The Rio Grande is disappearing. Demand for water is growing as snow packs shrink, rain patterns shift and average temperatures rise faster than they ever have in the past 11,000 years.Read more
There is a fellowship among those who paddle frequently on the Rio Grande where it is the border between Mexico and the United States.
Few do it, and we seem to have an almost instant friendship and trust based on nothing more than a fondness for a particular reach of river.
I spent the last four days with Paul Gaytan and his family, who took me in like I was a visiting uncle. All they knew about me was from Facebook and this website. All I knew about them was from Facebook and Gaytan’s message that he liked to paddle the river near Mission with his son.
Tonight, I’m camping on the banks of the Rio Grande with Keith Bowden. Before we met this morning, he did not know much more about me than that I had big feet and sometimes traveled with a person with small feet.
If anyone has paddled more miles on the Rio Grande than I have this year, it’s probably Bowden. When Jessica Lutz and I left Langtry headed for the Pecos River, Bowden was just a few days ahead of us in a raft. By the time I returned to the river from Thanksgiving, Bowden was off for another float trip down the same reach.
He saw the places where we had struggled with mud and thus knew our footprints. He was surprised when he saw we had continued on past the normal take out. He paddled through the same 60 hours of rain that forced us to hold up at Hot Springs. He too had to build a walkway of sticks and reeds across the muck at the mouth of the Pecos.
I trusted him completely after our first conversation.
Bowden is the author of “The Tecate Journals, Seventy Days on the Rio Grande.” The book chronicles his journey by bike, raft and canoe down the river during the winter of 2004-2005. It has been an inspiration and guidebook for me.
For the last two months, I have tried to reach him. But he was always out on the river.
Just as I was preparing to leave Mission, he called.
He was about to launch on another trip down the Rio Grande. I asked him if he would consider paddling the valley instead of doing another run in the canyons.
Based on where I had left my footprints and a glance through this website, Bowden agreed to come along as a translator and spend a week on the river with a person he had never met.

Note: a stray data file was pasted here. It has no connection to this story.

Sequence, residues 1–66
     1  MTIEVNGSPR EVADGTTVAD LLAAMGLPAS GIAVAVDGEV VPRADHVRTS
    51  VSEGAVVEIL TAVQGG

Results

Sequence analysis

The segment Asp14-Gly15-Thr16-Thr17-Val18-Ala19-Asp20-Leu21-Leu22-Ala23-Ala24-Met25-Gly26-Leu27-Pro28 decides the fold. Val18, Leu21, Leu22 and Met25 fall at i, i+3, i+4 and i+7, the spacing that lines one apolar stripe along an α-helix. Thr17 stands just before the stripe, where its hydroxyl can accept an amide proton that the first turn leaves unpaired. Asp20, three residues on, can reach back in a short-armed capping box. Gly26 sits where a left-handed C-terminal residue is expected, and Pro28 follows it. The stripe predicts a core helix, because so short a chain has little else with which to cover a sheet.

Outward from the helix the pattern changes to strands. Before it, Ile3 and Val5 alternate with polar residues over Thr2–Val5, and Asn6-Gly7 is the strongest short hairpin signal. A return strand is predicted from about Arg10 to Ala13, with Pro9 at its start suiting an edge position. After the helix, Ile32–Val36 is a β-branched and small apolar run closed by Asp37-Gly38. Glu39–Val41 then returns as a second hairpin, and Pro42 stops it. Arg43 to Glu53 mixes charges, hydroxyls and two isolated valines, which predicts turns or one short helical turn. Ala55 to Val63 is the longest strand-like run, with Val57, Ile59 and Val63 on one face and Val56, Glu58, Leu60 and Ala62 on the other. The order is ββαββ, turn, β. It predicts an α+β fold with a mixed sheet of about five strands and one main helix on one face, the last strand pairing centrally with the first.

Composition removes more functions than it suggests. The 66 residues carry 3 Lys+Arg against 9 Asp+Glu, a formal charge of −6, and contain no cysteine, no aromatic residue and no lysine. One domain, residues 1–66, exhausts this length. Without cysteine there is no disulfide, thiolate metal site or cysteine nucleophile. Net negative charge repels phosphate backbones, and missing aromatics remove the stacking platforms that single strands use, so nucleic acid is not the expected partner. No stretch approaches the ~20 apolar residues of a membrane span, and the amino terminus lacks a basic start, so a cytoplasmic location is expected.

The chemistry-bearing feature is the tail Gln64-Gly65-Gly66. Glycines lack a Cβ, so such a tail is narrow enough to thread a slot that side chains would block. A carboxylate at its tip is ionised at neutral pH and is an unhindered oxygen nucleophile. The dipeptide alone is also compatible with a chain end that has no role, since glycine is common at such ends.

His only request: that he could have his fires and drink his Tecate.
I don't like either, but it was a small compromise to get to paddle with someone like Bowden.
To comment on this post or ask a question, please visit the expedition's Facebook page.
As they travel, Colin and Erich are taking water samples for the following periodic water quality tests. In partnership with The Meadows Center for Water and the Environment’s Texas Stream Team Program at Texas State University, the results will be added to a public database it helps maintain for research and monitoring water quality.
While making his way to the Gulf of Mexico, Colin will be periodically activating a device that uses satellite technology to share his current location. Use this map to see where he traveled on this day.
|Check-In||Time of Check-In (CST)||Latitude||Longitude|
To report on and understand the haphazard irrigation system the Rio Grande has become and the changes it is going through, Colin decided the best approach would be to travel the length of the Rio Grande by foot and small boat.
He knew it would give him a unique perspective on a river that few understand. It did require many long days of moving slowly and camping on muddy riverbanks, but Colin likes that sort of thing.
The benefit was it provided access to people who wanted to share their stories and experiences with the Rio Grande. Via Facebook and chance encounters, Colin made instant friends who opened their homes. They provided help from loaning their trucks to their cell phone contact lists to help tell the story of the Rio Grande.
The trip would not have been possible without their help, along with the dedicated assistance of David Lozano, Jason Jones and Daniel Dibona, who drove thousands of miles to get people and boats in place.